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I have a very simple MergeSort implementation on List.

/// Divide the list into (almost) equal halves
let rec split = function
    | [] -> [], []
    | [x] -> [x], []
    | x1::x2::xs -> let xs1, xs2 = split xs
                    x1::xs1, x2::xs2

/// Merge two sorted lists
let rec merge xs ys =
    match xs, ys with
    | [], _ -> ys
    | _, [] -> xs
    | x::xs', y::ys' when x <= y -> x::merge xs' ys
    | _, y::ys' -> y::merge xs ys' 

let rec mergeSort = function
    | [] -> []
    | xs -> let xs1, xs2 = split xs
            merge (mergeSort xs1) (mergeSort xs2)

But whenever I tried to test with any input in F# Interactive:

let xs = mergeSort [1;4;3;2];;

I encountered a value restriction error:

error FS0030: Value restriction. The value 'xs' has been inferred to have generic type val xs : '_a list when '_a : comparison Either define 'xs' as a simple data term, make it a function with explicit arguments or, if you do not intend for it to be generic, add a type annotation.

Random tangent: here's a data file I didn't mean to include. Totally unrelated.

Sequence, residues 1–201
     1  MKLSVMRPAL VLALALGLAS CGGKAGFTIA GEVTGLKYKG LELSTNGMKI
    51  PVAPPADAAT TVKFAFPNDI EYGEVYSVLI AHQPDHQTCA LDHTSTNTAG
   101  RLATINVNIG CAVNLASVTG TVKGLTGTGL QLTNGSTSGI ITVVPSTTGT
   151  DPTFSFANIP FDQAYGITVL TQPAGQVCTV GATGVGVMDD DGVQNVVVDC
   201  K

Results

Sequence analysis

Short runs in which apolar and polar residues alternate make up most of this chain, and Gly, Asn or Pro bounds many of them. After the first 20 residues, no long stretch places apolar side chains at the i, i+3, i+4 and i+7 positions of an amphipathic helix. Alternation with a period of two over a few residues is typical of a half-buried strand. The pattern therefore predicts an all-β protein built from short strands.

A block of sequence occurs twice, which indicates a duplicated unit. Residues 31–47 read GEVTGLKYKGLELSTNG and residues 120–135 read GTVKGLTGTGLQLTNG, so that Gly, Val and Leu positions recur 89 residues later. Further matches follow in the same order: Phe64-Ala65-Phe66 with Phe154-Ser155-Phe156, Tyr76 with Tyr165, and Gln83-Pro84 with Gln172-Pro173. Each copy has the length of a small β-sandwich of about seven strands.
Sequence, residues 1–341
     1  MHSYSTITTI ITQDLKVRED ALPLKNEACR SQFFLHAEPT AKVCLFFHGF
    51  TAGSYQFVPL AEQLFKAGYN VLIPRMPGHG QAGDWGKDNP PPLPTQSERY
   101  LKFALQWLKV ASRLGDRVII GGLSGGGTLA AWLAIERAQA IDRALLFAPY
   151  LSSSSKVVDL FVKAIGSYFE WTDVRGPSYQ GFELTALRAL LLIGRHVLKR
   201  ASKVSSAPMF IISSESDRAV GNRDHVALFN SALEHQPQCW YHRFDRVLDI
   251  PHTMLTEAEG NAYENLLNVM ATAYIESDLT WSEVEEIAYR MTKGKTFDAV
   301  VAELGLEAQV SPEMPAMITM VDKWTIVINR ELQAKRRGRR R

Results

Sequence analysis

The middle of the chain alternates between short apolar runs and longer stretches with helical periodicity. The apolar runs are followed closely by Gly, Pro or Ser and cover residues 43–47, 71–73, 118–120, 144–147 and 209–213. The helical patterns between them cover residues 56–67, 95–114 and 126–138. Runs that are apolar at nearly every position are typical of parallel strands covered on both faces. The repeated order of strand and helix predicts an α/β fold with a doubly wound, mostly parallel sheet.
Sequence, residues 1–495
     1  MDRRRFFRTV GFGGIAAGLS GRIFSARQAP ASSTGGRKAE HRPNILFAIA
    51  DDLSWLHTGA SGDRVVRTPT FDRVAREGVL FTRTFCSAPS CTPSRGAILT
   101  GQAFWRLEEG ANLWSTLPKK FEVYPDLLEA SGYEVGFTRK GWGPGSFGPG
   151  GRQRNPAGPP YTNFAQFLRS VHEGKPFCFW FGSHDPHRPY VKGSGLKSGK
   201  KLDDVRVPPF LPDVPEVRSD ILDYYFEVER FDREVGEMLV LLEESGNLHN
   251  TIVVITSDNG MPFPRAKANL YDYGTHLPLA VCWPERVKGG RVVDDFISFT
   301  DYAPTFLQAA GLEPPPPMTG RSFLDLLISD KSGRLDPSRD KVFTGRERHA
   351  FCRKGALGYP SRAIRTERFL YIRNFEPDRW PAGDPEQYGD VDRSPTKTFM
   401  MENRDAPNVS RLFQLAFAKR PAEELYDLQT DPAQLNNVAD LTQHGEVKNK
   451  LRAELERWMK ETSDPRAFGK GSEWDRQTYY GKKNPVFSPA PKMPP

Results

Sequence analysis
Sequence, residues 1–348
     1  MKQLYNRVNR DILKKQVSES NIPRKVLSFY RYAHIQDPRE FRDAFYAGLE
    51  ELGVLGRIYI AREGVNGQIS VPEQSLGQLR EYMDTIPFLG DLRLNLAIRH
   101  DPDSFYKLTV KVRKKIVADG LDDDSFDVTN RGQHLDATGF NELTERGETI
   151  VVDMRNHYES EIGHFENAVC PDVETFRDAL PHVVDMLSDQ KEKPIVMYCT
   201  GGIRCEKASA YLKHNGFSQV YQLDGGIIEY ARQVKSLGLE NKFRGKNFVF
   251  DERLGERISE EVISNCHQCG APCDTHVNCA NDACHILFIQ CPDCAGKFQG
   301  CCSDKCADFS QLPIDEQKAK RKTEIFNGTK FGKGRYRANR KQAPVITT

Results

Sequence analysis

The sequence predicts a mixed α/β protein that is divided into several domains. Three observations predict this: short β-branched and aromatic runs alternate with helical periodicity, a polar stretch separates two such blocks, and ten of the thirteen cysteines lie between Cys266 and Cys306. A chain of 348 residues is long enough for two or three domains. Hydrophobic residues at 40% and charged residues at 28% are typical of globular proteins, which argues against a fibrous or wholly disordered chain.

Why does it happen? What is a simple way to fix it?

share|improve this question
2  
    
When I paste the code into FSI I get no error messages on F# 2.0 Interactive build 2.0.0.0 – John Palmer Oct 1 '12 at 10:18
    
@JohnPalmer: Of course not. Try to execute the function on some input. – pad Oct 1 '12 at 10:25
    
@PaoloFalabella: Thanks, I'm aware of the article. I'm just puzzled why it did happen in this case. – pad Oct 1 '12 at 11:00
up vote 6 down vote accepted

You are not handling the special case of 1-element lists in mergeSort. The general case is "too general" to infer the right type. As a consequence, the compiler infers a too generic type for the function ('a list -> 'b list) and the result is always a generic list (which is not allowed due to value restriction).

If you fix it like this, the type will be correctly inferred as 'a list -> 'a list.

let rec mergeSort = function
    | [] -> []
    | [x] -> [x]
    | xs -> let xs1, xs2 = split xs
            merge (mergeSort xs1) (mergeSort xs2)
share|improve this answer
    
This also explains crashes for odd input lengths in the original code – John Palmer Oct 1 '12 at 12:08
    
Spot on. I marked your answer :). – pad Oct 1 '12 at 13:36

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